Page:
Nickerson quit acting in 1978, but she carried the memories of those two major roles for the rest of her life. She often kept in touch with fans through nostalgia conventions and cast reunions. In the meantime, she switched careers and worked in nursing.
Sadly, in 2018, Nickerson suffered a severe stroke. The following year, she died of complications related to a seizure and pneumonia. Her son announced the news of her passing on Facebook and set up a Go Fund Me to cover the cost of death expenses.
Michael Bollner – Augustus Gloop
Who could forget greedy Augustus Gloop, flailing in Wonka’s river of chocolate before being shot off in a chute to the Fudge Room? German actor Michael Bollner portrayed the gluttonous little boy, but it was the first and last time we would see him on screen.
It turns out his father put the kibosh on his son’s budding acting career. Bollner’s dad wanted him to concentrate on his education, so he did just that. Today he works as a tax attorney in Munich.
Bollner also appears at fan conventions in the U.S. Upon hearing about Gene Wilder’s death, he said, “I regret not speaking to [Wilder] again in the years after the film when my English had improved.”
Rusty Goffe, Albert Wilkinson, and Malcolm Dixon – Oompa Loompas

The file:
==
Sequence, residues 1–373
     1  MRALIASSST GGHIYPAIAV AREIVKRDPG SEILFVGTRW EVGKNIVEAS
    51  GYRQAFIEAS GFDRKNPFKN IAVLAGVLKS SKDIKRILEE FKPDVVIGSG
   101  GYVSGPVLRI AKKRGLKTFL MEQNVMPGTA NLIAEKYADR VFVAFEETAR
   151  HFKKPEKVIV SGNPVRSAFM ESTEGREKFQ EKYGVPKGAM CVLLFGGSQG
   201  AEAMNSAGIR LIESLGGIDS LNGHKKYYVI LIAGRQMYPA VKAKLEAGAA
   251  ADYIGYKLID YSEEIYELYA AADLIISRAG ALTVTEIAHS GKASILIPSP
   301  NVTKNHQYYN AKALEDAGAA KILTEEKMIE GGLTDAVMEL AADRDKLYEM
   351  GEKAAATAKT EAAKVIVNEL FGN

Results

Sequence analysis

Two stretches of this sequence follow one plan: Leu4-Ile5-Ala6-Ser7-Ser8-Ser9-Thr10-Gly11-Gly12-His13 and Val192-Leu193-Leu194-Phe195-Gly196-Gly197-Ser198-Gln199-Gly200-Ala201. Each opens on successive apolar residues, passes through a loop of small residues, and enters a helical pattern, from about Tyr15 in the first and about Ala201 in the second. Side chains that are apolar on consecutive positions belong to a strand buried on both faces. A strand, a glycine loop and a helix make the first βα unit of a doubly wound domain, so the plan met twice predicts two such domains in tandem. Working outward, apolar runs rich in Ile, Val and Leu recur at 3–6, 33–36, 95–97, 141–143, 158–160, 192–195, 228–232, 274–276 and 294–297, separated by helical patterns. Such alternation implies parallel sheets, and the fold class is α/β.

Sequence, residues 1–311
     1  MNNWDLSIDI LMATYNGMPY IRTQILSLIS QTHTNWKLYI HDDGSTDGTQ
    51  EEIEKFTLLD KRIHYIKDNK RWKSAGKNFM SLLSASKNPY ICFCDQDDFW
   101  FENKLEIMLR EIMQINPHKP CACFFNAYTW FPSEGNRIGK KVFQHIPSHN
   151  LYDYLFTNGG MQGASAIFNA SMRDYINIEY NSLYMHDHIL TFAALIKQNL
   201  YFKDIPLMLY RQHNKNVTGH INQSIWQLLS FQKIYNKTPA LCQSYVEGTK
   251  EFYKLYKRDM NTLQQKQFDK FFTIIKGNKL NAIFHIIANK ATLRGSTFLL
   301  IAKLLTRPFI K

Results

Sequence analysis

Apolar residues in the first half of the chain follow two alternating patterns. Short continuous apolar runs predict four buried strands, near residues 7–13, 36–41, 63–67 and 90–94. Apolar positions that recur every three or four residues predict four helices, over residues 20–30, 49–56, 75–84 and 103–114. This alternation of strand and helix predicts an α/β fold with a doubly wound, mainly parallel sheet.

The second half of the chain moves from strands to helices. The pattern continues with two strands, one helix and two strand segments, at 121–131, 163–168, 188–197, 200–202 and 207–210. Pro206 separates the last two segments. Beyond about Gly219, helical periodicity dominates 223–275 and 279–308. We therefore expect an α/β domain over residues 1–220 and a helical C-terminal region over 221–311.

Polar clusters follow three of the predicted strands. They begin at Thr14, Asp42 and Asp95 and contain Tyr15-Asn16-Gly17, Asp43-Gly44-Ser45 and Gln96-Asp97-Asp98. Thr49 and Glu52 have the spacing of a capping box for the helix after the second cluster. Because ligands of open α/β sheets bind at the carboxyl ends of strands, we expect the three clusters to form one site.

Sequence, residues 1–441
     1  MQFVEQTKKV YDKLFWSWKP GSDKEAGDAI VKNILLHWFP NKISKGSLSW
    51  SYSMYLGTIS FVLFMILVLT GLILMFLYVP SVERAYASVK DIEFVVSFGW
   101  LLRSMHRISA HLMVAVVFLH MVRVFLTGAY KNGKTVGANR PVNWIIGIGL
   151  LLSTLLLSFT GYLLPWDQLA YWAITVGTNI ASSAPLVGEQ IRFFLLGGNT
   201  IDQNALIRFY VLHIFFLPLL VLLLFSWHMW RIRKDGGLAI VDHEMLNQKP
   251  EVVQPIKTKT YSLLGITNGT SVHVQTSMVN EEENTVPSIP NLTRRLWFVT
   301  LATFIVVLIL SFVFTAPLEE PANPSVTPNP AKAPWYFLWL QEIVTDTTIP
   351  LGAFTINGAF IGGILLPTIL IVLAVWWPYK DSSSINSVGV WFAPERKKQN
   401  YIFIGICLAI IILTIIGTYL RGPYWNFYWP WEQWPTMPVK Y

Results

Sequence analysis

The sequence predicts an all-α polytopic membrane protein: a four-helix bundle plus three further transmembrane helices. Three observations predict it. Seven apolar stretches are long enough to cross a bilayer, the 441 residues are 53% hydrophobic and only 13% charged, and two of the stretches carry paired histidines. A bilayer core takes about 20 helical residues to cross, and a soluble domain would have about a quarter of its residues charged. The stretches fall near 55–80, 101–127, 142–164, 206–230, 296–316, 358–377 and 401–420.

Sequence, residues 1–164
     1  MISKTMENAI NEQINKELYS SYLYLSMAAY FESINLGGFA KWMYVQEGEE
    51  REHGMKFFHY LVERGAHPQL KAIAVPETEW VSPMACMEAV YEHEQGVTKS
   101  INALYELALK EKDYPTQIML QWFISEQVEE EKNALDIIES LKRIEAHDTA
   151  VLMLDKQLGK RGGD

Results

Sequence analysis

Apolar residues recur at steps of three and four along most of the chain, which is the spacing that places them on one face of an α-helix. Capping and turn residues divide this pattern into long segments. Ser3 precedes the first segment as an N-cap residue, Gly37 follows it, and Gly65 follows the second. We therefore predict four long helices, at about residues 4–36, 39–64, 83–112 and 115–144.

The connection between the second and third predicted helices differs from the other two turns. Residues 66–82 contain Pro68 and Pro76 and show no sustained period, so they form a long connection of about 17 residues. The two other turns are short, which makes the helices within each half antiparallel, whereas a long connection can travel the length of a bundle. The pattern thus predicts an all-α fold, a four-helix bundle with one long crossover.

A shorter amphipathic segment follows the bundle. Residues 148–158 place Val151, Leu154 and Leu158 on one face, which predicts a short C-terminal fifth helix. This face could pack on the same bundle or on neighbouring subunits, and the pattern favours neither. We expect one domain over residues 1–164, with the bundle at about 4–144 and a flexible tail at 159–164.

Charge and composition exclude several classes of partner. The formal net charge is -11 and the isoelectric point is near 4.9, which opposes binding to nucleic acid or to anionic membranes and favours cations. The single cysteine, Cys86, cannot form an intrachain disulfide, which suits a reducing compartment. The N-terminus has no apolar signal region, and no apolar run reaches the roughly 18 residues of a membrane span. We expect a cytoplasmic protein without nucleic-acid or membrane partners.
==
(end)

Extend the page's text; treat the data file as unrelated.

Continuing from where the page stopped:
The Oompa Loompas may have all looked the same in the film, but in real life, each took a very different direction.
From 1996 to 1999, English actor Rusty Goffe (featured above) worked as a weatherman for UK channel Live TV. He had an unusual shtick, bouncing on a trampoline as he delivered the forecast. But he also continued acting, and in 2011, he appeared in Harry Potter and the Deathly Hallows: Part 2.
83-year-old Albert Wilkinson also went on to have a long career. Among his film credits are Return of the Jedi (he played an Ewok) and David Bowie’s Labyrinth.
“It was hard work, but it’s an iconic film now,” he said about Willy Wonka & the Chocolate Factory. “And Gene Wilder was a good friend, a lovely man.”
In April 2020, English actor Malcolm Dixon died at age 66. Like Wilkinson, he appeared in Labyrinth and Return of the Jedi. He also had a part in the 1981 film Time Bandits, starring Sean Connery and John Cleese.
Out of 10 Oompa Loompas, only two still survive. In 2005, Goffe lamented in The Guardian that people of his stature have lost current acting opportunities to CGI and special effects.
Gene Wilder – Willy Wonka
Gene Wilder was by far the most accomplished actor in Willy Wonka & the Chocolate Factory. Prior to the film, he received an Academy Award nomination for his role in The Producers; after the film, he received another nomination in the category of Best Adapted Screenplay for Young Frankenstein. A filmography packed with classic comedies like Blazing Saddles and See No Evil, Hear No Evil cemented his legacy as a talented funnyman.
His final on-screen role was in an episode of Will & Grace; it earned him the 2003 Emmy for Outstanding Guest Actor in a Comedy Series.
In 2016, Wilder died due to complications from Alzheimer’s disease. His nephew, Jordan Walker-Pearlman, provided a statement about the passing:
“The decision to wait until this time to disclose his condition wasn’t vanity, but more so that the countless young children that would smile or call out to him ‘there’s Willy Wonka,’ would not have to be then exposed to an adult referencing illness or trouble and causing delight to travel to worry, disappointment or confusion. He simply couldn’t bear the idea of one less smile in the world.”